How the lyne arm on a still can affect Scotch whisky flavour
The lyne arm (or lye pipe) – the part of the still that joins the column and neck to the condenser system – has a big impact on reflux.
(Reflux – explained in this post – is a physical process that occurs inside the still during the distillation process.)
Specifically, it is the angle at which the lyne arm points towards the condenser that is of particular importance.
If it slopes upwards from the still to the top of the condensers, vapour will likely condense into liquid in the pipe and fall back down into the still, enhancing reflux. An ascending lyne arm – and therefore more reflux – typically makes for a light, refined and floral spirit character.
If it slopes downwards from the still, liquid generated will flow down into the condenser (rather than falling back into the pot), meaning there is less reflux. A descending lyne arm – and therefore less reflux – typically makes for a heavier, oilier spirit.
A straight lyne arm will not impact the character of the spirit with regards to reflux.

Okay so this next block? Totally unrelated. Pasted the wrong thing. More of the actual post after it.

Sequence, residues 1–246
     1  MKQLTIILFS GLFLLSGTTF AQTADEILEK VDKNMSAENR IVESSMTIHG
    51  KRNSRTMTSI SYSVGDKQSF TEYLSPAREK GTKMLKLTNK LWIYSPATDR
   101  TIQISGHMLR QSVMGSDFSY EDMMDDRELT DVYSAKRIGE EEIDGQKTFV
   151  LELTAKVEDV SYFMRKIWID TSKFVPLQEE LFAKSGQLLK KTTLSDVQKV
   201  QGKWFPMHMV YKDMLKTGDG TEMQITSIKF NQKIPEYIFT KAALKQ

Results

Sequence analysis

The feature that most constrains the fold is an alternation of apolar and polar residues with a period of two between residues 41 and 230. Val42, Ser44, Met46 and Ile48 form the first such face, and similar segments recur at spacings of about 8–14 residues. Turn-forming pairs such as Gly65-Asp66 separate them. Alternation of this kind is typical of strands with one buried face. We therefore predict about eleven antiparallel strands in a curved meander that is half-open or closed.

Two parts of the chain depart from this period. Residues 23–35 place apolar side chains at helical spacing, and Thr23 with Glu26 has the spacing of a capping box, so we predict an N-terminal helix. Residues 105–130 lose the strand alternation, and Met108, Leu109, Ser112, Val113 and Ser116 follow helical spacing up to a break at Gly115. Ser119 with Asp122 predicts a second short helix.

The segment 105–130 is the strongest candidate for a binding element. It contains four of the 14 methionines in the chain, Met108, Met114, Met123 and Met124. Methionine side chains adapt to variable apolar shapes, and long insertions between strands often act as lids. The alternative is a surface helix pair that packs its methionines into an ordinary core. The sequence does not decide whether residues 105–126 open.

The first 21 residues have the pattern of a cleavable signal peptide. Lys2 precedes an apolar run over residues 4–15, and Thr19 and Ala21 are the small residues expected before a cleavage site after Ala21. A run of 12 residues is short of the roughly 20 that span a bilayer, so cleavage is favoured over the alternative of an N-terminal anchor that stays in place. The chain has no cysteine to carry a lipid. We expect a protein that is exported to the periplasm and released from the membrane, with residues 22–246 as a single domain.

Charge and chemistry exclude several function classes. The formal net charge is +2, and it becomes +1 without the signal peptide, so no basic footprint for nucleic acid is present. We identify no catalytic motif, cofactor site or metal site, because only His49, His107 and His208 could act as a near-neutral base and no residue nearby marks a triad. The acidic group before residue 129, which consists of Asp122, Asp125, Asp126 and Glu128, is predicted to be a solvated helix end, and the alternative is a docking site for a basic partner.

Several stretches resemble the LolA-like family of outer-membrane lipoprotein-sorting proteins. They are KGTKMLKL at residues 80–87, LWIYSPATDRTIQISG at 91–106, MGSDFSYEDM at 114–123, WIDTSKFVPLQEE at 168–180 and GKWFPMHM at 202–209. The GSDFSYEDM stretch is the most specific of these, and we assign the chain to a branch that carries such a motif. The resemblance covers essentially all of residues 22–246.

Studying the pot stills at a distillery and understanding how the slope of the lye pipe can affect flavour allows you to make an educated guess at the potential character of new make spirit coming off the still… test your theory on the final product.
You can learn more about all of this in the Batch Distillation module of the Certificate in Scotch Whisky. Try the course out for free and access a varied selection of interactive lessons at the click of a button. You don’t need your credit card and there’s no obligation to buy. Simply see for yourself the wealth of knowledge available, how the platform feels to use and so on.
Ready to give it a go? The certified whisky connoisseur within you is waiting.